Wildlife such as foxes, badgers and hedgehogs fighting over leftover food in Scottish gardens
Experts at Nottingham Trent University and the University of Brighton analysed hundreds of videos – recorded by the public – to investigate interactions within and between different species.
They found that while food left by people in urban gardens – leftovers or commercially bought for this purpose – can provide benefits for wild animals, it can also draw competitors and predators close together.
The animals displayed a number of aggressive behaviours, including lunging, biting, striking out, and in one case a hedgehog was pushed into some water.
According to the study, badgers tended to dominate other species in the garden hierarchy while hedgehogs had more clashes than expected.
The footage revealed more aggressive and submissive behaviour among animals than neutral interactions.
From 316 instances where animals were spotted together, 175 ended in confrontation.
Researchers also found creatures were more likely to confront different species than their own.
Cats and foxes appeared to take a particular disliking to one another, with more than three-quarters of interactions (77 per cent) sparking some form of aggressive or defensive reaction – with cats dominating foxes.
Badgers were stronger than all other species in the contest for food – and to the research team's surprise, hedgehogs outcompeted cats.
They suggest this could be because domestic cats are not as physically or behaviourally well adapted to defend themselves against hedgehog spines as wild predators.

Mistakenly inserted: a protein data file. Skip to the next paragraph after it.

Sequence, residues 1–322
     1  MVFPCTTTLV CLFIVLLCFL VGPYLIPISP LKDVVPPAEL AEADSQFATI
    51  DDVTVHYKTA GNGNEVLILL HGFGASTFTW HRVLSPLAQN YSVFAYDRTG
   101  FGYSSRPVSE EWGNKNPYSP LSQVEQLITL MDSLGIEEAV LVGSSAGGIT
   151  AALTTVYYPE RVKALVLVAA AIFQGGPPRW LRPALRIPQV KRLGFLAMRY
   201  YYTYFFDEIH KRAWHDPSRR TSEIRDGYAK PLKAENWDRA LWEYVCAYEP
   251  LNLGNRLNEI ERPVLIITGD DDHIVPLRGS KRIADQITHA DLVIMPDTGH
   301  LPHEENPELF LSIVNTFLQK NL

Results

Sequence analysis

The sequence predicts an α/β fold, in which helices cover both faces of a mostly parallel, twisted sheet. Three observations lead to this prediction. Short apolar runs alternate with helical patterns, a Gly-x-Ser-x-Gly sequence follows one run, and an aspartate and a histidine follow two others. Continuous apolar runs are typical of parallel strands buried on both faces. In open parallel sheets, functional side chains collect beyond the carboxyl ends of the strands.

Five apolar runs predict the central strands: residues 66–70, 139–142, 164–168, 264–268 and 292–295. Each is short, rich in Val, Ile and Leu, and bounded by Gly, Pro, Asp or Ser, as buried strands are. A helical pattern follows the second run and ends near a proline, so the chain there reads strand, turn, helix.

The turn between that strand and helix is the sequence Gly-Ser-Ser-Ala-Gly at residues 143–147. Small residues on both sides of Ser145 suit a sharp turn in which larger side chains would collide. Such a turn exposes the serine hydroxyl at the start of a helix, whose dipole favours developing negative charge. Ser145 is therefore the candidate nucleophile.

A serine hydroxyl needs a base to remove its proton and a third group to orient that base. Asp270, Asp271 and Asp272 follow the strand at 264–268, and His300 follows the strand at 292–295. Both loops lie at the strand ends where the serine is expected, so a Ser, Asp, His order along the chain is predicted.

Within the same species, hedgehogs were found to be the most combative, with more than half (55 per cent) of interactions between them leading to some form of aggression.
This included a move dubbed the "barge and roll" by the researchers, whereby one hedgehog attacks another by running at it, causing the victim to roll up before being pushed away by the assailant.
Researchers suggest the purpose appeared to be to move a rival away from the food, such as to the edge of the garden.
In one instance an individual was pushed down a flight of concrete, and another into water.
Within species, badgers were the least competitive with one another, with just 7 per cent of encounters resulting in a stand-off.
Professor Dawn Scott, lead researcher from Nottingham Trent University's School of Animal, Rural and Environmental Sciences, said: "Food provided by people may help wild animals, but may also attract animals together that could compete, injure, or predate each other."
She added: "The consequences of interactions between garden mammals are numerous and can become aggressive between competing species.
"It could lead to injury or death and increased competition might also reduce access to resources for subordinate species or individuals.
"Our study is the first to quantify interactions between urban mammal communities in this way and to identify hierarchical relationships between wild and domestic mammals in urban gardens.”
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